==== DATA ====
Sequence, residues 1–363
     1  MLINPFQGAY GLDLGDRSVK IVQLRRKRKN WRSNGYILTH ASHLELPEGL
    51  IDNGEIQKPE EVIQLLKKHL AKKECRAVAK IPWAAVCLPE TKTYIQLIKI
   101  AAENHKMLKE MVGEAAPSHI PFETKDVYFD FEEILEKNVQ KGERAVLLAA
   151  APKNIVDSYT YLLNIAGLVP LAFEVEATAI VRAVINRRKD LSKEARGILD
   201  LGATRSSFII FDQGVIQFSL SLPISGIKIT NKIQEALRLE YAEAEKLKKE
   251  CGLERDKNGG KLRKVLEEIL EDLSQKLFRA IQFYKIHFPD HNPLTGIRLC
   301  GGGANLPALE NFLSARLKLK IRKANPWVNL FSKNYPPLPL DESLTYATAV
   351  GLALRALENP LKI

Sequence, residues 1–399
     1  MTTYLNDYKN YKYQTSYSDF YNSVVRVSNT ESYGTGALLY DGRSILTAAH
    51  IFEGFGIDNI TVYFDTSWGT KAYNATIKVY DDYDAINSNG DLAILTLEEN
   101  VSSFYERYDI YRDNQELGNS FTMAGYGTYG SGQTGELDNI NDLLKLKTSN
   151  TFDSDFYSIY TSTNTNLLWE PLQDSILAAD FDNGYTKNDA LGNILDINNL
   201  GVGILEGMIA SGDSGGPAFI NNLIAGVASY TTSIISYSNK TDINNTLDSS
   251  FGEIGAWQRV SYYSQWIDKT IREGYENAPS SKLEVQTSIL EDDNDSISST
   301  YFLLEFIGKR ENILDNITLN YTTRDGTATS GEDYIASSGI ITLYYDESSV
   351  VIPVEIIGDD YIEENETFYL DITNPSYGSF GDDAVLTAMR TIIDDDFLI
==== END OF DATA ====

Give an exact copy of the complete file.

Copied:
Sequence, residues 1–363
     1  MLINPFQGAY GLDLGDRSVK IVQLRRKRKN WRSNGYILTH ASHLELPEGL
    51  IDNGEIQKPE EVIQLLKKHL AKKECRAVAK IPWAAVCLPE TKTYIQLIKI
   101  AAENHKMLKE MVGEAAPSHI PFETKDVYFD FEEILEKNVQ KGERAVLLAA
   151  APKNIVDSYT YLLNIAGLVP LAFEVEATAI VRAVINRRKD LSKEARGILD
   201  LGATRSSFII FDQGVIQFSL SLPISGIKIT NKIQEALRLE YAEAEKLKKE
   251  CGLERDKNGG KLRKVLEEIL EDLSQKLFRA IQFYKIHFPD HNPLTGIRLC
   301  GGGANLPALE NFLSARLKLK IRKANPWVNL FSKNYPPLPL DESLTYATAV
   351  GLALRALENP LKI

Sequence, residues 1–399
     1  MTTYLNDYKN YKYQTSYSDF YNSVVRVSNT ESYGTGALLY DGRSILTAAH
    51  IFEGFGIDNI TVYFDTSWGT KAYNATIKVY DDYDAINSNG DLAILTLEEN
   101  VSSFYERYDI YRDNQELGNS FTMAGYGTYG SGQTGELDNI NDLLKLKTSN
   151  TFDSDFYSIY TSTNTNLLWE PLQDSILAAD FDNGYTKNDA LGNILDINNL
   201  GVGILEGMIA SGDSGGPAFI NNLIAGVASY TTSIISYSNK TDINNTLDSS
   251  FGEIGAWQRV SYYSQWIDKT IREGYENAPS SKLEVQTSIL EDDNDSISST
   301  YFLLEFIGKR ENILDNITLN YTTRDGTATS GEDYIASSGI ITLYYDESSV
   351  VIPVEIIGDD YIEENETFYL DITNPSYGSF GDDAVLTAMR TIIDDDFLI